Yet unlike Bomberg, it seems, Auerbach has never mellowed, and the heaviness of his approach, which seems to consist of piling on great mounds of paint in barrowloads does not seem to have moderated. And so the Tate Britain show isn’t so much an exhibition as an ordeal. This is the sort of gathering where you can easily feel small, inadequate and middlebrow. It’s a show that requires you to be Serious about Art, and I’m just not up to it. There are eight galleries displaying 70 paintings and drawings, none of which are explained or put into context, even though Auerbach himself has chosen all of them, save those in the final room. They are, more or less across the board, about as gloomy and shut-in as Camden on a grey, drizzly day. The artist asks that we don’t view them too chronologically. There is no danger of that. You either have an eye for this sort of thing or you don’t, but it’s a style that’s easily parodied. And so I spend minutes standing before the paintings seeking a way in, but they are so uncompromising that it is impossible.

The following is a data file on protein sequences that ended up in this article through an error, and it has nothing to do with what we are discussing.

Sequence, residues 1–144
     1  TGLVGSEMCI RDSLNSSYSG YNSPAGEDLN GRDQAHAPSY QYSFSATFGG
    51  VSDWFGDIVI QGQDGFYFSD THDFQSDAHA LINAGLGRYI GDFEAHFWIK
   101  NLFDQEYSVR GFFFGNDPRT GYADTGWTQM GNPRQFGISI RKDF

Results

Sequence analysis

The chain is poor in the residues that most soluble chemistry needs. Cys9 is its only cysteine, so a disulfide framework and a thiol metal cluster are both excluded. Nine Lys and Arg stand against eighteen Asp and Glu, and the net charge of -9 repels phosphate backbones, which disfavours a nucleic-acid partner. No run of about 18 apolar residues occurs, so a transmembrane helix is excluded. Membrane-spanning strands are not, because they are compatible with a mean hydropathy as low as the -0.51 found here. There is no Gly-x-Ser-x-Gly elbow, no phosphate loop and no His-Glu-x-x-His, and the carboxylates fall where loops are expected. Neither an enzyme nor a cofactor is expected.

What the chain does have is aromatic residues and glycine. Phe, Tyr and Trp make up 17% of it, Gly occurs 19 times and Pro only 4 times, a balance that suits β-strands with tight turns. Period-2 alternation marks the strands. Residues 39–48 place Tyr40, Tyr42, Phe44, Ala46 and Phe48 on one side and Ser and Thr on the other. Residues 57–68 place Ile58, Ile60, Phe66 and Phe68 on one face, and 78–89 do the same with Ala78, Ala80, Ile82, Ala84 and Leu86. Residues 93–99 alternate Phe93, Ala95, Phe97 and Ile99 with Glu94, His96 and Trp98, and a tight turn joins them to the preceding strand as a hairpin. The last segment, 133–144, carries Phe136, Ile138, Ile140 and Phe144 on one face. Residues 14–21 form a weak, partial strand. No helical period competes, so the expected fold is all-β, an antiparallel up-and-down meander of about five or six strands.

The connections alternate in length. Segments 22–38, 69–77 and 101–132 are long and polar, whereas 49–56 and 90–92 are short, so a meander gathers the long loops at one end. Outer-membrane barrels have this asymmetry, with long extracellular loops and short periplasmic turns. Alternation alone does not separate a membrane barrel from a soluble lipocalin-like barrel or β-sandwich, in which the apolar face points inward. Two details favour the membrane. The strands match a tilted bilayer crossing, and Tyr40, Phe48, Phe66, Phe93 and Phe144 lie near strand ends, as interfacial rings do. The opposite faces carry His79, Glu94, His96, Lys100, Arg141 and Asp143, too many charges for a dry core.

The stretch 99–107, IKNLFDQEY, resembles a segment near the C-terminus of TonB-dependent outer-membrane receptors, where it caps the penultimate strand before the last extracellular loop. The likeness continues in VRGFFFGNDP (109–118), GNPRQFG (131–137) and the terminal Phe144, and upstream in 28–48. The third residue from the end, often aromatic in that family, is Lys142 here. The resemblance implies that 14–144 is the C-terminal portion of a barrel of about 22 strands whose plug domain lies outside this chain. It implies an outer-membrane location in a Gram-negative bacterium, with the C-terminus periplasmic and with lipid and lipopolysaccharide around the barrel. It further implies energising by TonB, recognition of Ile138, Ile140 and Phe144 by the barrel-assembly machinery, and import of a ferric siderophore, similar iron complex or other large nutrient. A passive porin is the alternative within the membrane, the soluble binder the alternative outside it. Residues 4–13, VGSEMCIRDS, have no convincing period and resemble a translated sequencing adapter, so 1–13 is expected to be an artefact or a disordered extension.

There are many modern artists who are not exactly easy on the eye, yet you bow before their majesty and recognise that, in sometimes weird ways, the pictures undoubtedly work. Auerbach, though, to use baseball parlance, lobs you no easy pitches to get your eye in. Take me or leave me, he seems to be saying. He has no charm, and he’s unrelentingly grave. Even Primrose Hill, Spring Sunshine looks like a combine harvester accident in a field of oilseed rape.